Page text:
After a not inconsiderable time in their roles, Daniel Kramer and Martyn Brabbins, English National Opera’s Artistic and Music Directors, have been able to produce a season that is entirely their own, uninfluenced by their predecessors. The heart sank on reading Kramer’s introduction to the season which he optimistically hopes “provoke discussion around what an improved balance of masculine and feminine might encompass and the changes we need to make this possible”; optimism that his productions might break free of the chains imposed by this restrictive mission statement lingered, but the first test is Adena Jacob’s new production of Richard Strauss’ Salome which alas does not bode well.

Allison Cook (Salome) © Catherine Ashmore
Allison Cook (Salome)
© Catherine Ashmore

Derivative and cliched, her production is bereft of real substance or originality. The staging is in that vague modernist style which thrives on empty space and contrast of black and white. It opens in darkness, the only light derived from an illuminated fish tank within which a naked woman serenely enjoys a bath. When Jochanaan is brought to Salome, our location shifts to something that bears a striking resemblance to a dilapidated school gym. The big idea for this scene was attaching a camera to Jochanaan’s face and projecting his mouth onto the backdrop. Distracting, unpleasant, pointless, with the additional benefit of reducing Jochanaan, in theory a character of dignity, to a figure of ridicule. It seems to strike a chord with Salome though, judging by the hand she enthusiastically inserts into her trousers. As to Herod’s banquet hall, the mind simply boggles at the centrepiece, which appeared to be a decapitated My Little Pony. The production concludes not with Salome being bludgeoned to death with a number of shields, but suicide by pistol. Of the costumes, a bland mixture of black uniforms and dodgy tights and knickers combinations is enlivened by Herod’s outfit, a combination of senile Santa meets Aladdin's cave. A word of praise though, must go to choreographer Melanie Lane whose interpretation of the Dance of the Seven Veils brings in a team of dancers for a vivid and sinuous performance.

Allison Cook (Salome) © Catherine Ashmore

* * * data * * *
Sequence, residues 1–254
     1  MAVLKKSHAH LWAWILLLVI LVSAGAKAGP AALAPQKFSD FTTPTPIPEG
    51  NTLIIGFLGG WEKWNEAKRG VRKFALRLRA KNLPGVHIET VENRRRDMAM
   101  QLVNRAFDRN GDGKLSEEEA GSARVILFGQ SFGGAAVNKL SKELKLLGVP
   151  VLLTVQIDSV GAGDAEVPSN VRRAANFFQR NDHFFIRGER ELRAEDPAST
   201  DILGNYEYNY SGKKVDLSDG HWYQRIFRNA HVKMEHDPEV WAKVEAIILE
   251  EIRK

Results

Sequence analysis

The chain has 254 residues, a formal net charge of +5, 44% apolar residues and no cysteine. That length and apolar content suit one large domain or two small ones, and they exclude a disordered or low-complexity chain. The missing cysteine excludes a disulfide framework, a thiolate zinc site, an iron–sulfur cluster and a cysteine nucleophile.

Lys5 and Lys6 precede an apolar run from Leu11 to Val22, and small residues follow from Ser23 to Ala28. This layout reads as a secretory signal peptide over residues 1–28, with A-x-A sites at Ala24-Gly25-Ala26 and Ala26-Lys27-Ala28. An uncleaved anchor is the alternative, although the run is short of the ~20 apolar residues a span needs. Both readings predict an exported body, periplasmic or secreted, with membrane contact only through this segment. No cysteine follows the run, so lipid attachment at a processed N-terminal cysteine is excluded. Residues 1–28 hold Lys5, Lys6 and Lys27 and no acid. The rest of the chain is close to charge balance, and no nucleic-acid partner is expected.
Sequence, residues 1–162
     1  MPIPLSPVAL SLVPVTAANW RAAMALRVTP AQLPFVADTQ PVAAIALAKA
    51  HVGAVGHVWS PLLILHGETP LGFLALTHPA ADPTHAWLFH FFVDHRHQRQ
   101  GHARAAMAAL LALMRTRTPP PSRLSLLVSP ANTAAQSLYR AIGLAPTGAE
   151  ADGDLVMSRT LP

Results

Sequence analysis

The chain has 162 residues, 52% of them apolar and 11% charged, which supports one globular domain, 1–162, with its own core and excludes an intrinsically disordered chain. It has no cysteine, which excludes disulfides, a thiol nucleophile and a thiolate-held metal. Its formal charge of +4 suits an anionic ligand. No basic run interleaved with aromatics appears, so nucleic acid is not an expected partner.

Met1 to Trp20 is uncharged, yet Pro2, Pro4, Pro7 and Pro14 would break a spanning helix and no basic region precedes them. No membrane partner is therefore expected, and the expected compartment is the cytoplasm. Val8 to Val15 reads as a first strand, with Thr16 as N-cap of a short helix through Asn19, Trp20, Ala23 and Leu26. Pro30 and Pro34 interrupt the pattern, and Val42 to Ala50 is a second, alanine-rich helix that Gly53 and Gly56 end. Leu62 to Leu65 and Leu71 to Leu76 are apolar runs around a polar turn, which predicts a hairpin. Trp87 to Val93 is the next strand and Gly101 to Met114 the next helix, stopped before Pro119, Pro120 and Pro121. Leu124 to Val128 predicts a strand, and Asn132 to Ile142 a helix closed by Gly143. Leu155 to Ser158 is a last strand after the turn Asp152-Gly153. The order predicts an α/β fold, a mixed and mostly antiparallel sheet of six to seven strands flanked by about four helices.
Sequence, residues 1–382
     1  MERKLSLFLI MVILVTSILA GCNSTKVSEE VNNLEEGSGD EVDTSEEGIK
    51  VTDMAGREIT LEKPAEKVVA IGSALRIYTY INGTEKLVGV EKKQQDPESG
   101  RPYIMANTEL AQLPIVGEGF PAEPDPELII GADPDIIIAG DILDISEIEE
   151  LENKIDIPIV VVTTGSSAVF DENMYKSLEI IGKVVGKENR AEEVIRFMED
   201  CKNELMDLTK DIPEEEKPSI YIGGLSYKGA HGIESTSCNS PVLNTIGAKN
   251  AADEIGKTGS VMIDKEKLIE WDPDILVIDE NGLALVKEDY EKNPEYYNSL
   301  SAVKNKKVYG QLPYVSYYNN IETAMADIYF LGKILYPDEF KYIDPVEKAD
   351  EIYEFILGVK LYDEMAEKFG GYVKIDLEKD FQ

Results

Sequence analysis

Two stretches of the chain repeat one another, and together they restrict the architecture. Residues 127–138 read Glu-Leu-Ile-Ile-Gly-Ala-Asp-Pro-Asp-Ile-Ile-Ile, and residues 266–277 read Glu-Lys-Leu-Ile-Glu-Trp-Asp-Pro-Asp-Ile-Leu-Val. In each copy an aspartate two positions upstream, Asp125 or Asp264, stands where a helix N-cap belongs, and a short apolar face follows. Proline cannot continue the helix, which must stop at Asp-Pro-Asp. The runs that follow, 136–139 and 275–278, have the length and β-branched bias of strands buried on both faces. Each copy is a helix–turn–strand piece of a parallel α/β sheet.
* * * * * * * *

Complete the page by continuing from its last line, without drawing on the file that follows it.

Allison Cook (Salome)
© Catherine Ashmore

Making her first appearance at ENO, Allison Cook’s role debut as Salome was a mixed success. I am not quite convinced that the role’s unique range is entirely suited to her voice and there were a couple of moments where the voice sounded, if not pushed then not entirely comfortable. Diction also veered in clarity. Where she stood out was with the colour and drama of the voice; imperious and enticing in her dealings with Narraboth, desperate and fiery with Jochanaan, cold and forceful with Herod. Her final scene was compellingly delivered, sung with dramatic intelligence and entranced passion, the severed head carried within a plastic bag as though straight from a butcher’s stall. David Soar, perhaps discomforted by the muzzle-like contraption with the camera on the end, sang Jochanaan with typical musicality, but rather less force than usual.

David Soar (Jochanaan) © Catherine Ashmore
David Soar (Jochanaan)
© Catherine Ashmore

Michael Colvin’s Herod, flopping around in puddles of blood, was a study in moral and mental decline, disturbingly lascivious and with a well-crafted repellance to him, though his voice lacked an edge. Stuart Jackson stood out as Narraboth, showing a bright and clean tenor voice with shaped phrases and plenty of colour. His diction was strong and his performance cut through the staging to bring an air of credibility and humanity to his character. Susan Bickley was a steely Herodias, but underused.

Best of all was the performance from the pit. Brabbins gave a masterful reading of the score, unleashing generous waves of sound from the orchestra at the volume that one craves from the piece, but retaining a sensitive balance that avoided drowning the singers out. A musical performance that redeemed a poor production.

**111